An analysis of data from the Multi-Ethnic Study of Atherosclerosis suggests that adults with asthma may have higher levels of carotid artery plaque, which is associated with greater risk of heart attack or stroke.
Adults with asthma may be at higher risk of heart attack or stroke due to an excess buildup of plague in the carotid arteries, recent study findings suggest. Compared with participants without asthma or with intermittent asthma, those with persistent asthma also had higher levels of inflammatory biomarkers.
The analysis, published in the Journal of American Heart Association, found that excess buildup of plaque in the carotid arteries was present in 67% of the study’s participants with persistent asthma, a percentage significantly higher than in participants without asthma (50.5%) or participants with intermittent asthma (49.5%).
“Many physicians and patients don’t realize that asthmatic airway inflammation may affect the arteries, so for people with persistent asthma, addressing risk factors for cardiovascular disease may be really helpful,” said lead study author Matthew C. Tattersall, DO, MS, assistant professor in the Department of Medicine at the University of Wisconsin in Madison, in a news release.
The data used for this analysis came from participants enrolled in the Multi-Ethnic Study of Atherosclerosis (MESA). Participants were recruited between 2000 and 2002 from research centers in located in Baltimore; Chicago; Los Angeles County; New York City; Forsyth County, North Carolina; and St Paul, Minnesota. At the time of enrollment, all participants were free of cardiovascular disease. Research following these participants is ongoing.
From the MESA data, 5029 adults were included in this analysis. These participants had baseline data on risk factors for cardiovascular disease and had carotid ultrasound data.
Participants were ethnically and racially diverse, with 26% of adults identifying as African American, 23% identifying as Hispanic, and 12% identifying as Chinese. Additionally, 53% of the group was female.
Participants were categorized into subgroups, which consisted of those with persistent asthma (n = 109), defined as using medication daily to control asthma symptoms; those with intermittent asthma (n = 388), defined as having a history of asthma but not using daily medications; and those without asthma (n = 4532).
The researchers used carotid ultrasonography to define the presence or burden of plaque in both the left and right walls of the carotid arteries, using a total plaque score (TPS) that indicates the number of segments with carotid plaque, from 0 to 12. Blood measurements of the inflammatory biomarkers IL-6 and C-reactive protein (CRP) were also recorded.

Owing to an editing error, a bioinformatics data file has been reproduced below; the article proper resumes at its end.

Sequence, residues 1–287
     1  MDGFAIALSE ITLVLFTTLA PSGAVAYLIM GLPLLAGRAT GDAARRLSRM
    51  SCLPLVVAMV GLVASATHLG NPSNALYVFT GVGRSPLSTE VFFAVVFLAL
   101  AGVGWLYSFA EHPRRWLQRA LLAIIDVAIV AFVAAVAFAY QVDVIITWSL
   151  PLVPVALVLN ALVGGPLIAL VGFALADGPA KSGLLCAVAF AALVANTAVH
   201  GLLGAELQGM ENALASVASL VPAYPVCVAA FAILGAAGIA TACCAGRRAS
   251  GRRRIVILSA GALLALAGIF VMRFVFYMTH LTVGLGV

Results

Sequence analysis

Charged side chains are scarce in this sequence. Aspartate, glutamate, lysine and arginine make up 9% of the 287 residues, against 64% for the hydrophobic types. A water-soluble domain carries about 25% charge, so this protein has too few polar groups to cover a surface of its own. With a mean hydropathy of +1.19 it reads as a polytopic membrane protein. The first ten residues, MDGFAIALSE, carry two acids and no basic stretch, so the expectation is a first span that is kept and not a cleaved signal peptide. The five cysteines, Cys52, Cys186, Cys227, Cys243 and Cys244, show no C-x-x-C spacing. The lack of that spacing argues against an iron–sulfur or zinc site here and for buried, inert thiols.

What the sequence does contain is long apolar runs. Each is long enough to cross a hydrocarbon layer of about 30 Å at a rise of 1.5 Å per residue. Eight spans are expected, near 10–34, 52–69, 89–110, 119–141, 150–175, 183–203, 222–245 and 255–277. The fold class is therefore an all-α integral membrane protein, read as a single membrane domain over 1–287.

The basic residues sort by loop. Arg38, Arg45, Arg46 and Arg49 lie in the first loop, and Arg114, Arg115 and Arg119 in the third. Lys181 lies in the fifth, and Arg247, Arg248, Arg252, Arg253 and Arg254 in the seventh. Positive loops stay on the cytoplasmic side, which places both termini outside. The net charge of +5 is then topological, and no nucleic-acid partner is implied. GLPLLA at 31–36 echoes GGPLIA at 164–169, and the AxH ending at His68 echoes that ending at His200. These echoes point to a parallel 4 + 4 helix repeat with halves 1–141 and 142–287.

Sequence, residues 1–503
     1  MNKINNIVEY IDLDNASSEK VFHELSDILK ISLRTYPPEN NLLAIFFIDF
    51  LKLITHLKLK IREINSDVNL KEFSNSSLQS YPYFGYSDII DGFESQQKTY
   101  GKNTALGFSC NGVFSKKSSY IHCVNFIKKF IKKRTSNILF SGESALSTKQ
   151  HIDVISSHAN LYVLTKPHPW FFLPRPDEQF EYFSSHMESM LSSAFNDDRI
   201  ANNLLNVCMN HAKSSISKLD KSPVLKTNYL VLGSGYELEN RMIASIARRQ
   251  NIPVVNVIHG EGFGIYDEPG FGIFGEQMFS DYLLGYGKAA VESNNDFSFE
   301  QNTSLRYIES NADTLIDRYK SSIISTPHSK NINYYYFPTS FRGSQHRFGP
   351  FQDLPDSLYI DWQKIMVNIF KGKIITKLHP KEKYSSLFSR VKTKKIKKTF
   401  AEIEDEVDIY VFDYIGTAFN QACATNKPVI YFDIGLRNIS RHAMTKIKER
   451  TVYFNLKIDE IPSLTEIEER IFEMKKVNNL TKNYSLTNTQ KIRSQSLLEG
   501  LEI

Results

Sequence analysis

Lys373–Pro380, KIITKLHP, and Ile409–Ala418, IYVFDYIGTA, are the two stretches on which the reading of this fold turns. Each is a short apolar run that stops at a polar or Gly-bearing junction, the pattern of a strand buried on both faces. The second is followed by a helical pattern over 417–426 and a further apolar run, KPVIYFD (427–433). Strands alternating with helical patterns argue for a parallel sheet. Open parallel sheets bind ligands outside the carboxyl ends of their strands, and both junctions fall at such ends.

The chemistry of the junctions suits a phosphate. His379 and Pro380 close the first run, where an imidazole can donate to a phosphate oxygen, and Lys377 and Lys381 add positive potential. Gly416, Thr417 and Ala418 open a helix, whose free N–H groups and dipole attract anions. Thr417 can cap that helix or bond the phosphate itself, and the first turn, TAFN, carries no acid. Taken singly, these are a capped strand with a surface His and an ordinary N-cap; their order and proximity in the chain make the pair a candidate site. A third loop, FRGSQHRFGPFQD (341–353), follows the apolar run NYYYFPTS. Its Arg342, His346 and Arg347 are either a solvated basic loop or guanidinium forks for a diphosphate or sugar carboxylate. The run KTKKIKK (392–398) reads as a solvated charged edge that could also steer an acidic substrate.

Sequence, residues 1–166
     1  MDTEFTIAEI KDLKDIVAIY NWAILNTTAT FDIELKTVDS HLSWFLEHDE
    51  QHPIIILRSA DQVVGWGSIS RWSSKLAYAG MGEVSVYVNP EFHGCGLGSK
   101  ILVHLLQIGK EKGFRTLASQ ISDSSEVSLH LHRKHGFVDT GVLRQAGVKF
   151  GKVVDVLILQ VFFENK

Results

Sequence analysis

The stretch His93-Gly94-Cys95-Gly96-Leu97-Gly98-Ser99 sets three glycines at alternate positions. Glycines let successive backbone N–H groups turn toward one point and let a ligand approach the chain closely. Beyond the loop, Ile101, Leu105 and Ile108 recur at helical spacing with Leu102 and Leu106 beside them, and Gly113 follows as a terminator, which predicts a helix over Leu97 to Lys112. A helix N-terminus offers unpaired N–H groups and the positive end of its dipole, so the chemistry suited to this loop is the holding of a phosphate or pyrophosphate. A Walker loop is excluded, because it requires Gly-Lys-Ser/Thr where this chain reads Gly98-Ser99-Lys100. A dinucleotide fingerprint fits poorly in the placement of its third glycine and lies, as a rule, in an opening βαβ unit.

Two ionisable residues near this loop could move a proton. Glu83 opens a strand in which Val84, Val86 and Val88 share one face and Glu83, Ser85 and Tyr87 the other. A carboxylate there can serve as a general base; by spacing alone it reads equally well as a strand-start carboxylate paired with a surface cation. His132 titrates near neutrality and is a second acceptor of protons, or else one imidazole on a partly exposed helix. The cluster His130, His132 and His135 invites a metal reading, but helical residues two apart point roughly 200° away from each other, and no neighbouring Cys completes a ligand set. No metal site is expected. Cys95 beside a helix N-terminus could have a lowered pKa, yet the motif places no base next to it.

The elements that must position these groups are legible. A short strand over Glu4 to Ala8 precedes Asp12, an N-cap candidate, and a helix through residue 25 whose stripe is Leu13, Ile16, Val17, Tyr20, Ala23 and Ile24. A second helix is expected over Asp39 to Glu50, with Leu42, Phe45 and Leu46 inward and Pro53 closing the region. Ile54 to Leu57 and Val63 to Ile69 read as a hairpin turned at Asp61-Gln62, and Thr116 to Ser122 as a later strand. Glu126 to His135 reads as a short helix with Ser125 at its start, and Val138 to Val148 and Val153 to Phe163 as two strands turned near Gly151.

The authors found that carotid plaque was present in about half of participants without asthma or with intermittent asthma, but about two-thirds of those with persistent asthma (50.5%, 49.5%, and 67.0%, respectively). Those with persistent asthma also had the highest mean (SD) TPS at 2.08 (2.35) compared with 1.29 (1.80) in those without asthma and 1.25 (1.76) in those with intermittent asthma (P < .003).
After adjusting for age, sex, race, weight, and other factors such as taking prescription medication or smoking, participants with persistent asthma had nearly twice as high odds of having plaque in the carotid arteries as those without asthma (odds ratio, 1.83; 95% CI, 1.21-2.76; P < .001).
When the investigators accounted for IL-6 and CRP, the association between persistent asthma and carotid plaque remained.
“Participants who have persistent asthma had elevated levels of inflammation in their blood, even though their asthma was treated with medication, which highlights the inflammatory features of asthma. We know that higher levels of inflammation lead to negative effects on the cardiovascular system,” said Tattersall.
However, because the study was an observational analysis, findings indicate only an association between asthma and cardiovascular disease, rather than a cause and effect.
“The most important message from our findings is that more significant forms of asthma are associated with more cardiovascular disease and cardiovascular events,” said Tattersall.
Tattersall MC, Dasiewicz AS, McClelland RL, et al. Persistent asthma is associated with carotid plaque in MESA. J Am Heart Assoc. 2022;11:e026644. doi:10.1161/jaha.122.026644